It doesn’t matter since I struggle to play romance games as a different gender or sexuality. It always feels strange. At least from a first person perspective. If it were third person it would have been fine for me since I would not be playing as ‘myself’. If that makes sense.

As for genderlocks in general I don’t really care. My personal preference should have no bearing on the thoughts or feelings of other people.


My sister writes about romances between women, and nothing else. She turned her hand to erotica a while ago. I showed her this thread and she just looked me in the eye and said that if I showed her how to write about a male lesbian, she’d be happy to do so. She hasn’t stopped laughing yet.

An important aspect that a lot of readers tend to forget is that every choice of this type, unless it’s totally superficial in which case it probably shouldn’t be there in the first place, adds a LOT of extra work for the author.
The financial rewards for writing IF very rarely justify that amount of work which means you’re relying on people writing it for the enjoyment of doing so and if they’re being castigated for not catering specifically to every new gender based definition that seems to appear each month, they might just not bother.


Well, yes and no.

It depends on the author’s intentions. For instance, Natalie Cannon wrote Moonrise with a specific audience in mind, so it wouldn’t make sense to appeal to wider audience because of that.

You also have to keep in mind that it’s a lot of work to write an IF, let alone including romance subplots for multiple NPCs. Off the top of my head, I can only recall three IFs that were co-authored: Highlands, Deep Waters, Breach: The Archangel Job, and Diaspora. Almost all stories are created by a single author who may or may not be experienced in using the Choicscript software.

As someone who’s been on the forums since 2012, I disagree. I have rarely seen this sort of positive reception to gender-locked games, even if it’s not gender-locked to male.

If you check out the gender-locked-female tag, the most popular WiP is Donor. But if you compare Donor to a gender choice game that was published roughly in the same time frame, such as Shepard of Haven, then it’s clear to see that the latter blows the former out of the water.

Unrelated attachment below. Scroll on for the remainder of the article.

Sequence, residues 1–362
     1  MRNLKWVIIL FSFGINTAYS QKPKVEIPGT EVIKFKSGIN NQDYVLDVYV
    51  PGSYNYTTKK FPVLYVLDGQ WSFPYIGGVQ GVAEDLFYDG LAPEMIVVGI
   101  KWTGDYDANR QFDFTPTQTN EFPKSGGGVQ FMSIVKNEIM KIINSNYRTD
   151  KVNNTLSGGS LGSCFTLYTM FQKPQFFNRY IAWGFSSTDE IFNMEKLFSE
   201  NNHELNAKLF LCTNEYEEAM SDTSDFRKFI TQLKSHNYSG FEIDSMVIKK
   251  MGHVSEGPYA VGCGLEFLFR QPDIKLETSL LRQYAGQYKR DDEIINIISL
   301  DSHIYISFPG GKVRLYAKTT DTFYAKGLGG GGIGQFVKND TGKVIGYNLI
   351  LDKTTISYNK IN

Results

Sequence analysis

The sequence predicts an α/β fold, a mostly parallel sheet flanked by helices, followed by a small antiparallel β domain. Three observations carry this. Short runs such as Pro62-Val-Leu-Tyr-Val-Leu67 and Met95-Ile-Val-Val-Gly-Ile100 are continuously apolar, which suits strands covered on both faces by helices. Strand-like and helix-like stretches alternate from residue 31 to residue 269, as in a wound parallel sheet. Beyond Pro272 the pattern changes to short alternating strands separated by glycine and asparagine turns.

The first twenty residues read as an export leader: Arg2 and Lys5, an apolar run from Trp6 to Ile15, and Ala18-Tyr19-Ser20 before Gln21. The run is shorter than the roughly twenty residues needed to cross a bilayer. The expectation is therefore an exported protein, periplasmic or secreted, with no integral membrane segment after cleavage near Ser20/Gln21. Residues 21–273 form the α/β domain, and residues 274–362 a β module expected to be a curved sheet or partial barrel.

Now keep in mind, there could be multitude of reasons - besides the gender lock - that Haven is much more popular than Donor and that is a completely different conversation.

Keep in mind that despite being members of the CoG forum community, we’re not a monolith.

@Eiwynn phrased it best in this post. As evidenced by this poll, stories that are gender-locked to anything but male are met with a mixed reception at best. Overwhelmingly yes, gender-locking to female/nonbinary/etc. just because you can is accepted, but there is a significant chunk of people who believe that that is not above criticism.

For what it’s worth, I find this dissonance to be particularly peculiar. Perhaps it’s because people have different ideas of what is criticism and what is not criticism, but I find myself agreeing with Mary_Duffy’s post when it comes to this contradiction.

You cannot personally believe it is acceptable for an author to gender-lock because they can while also holding the belief that you should be able to say “it’s not for me”. If you believe it is acceptable for an author to gender-lock on a whim but then turn around and say the story is not for you because of that factor alone then I will begin to doubt that acceptance.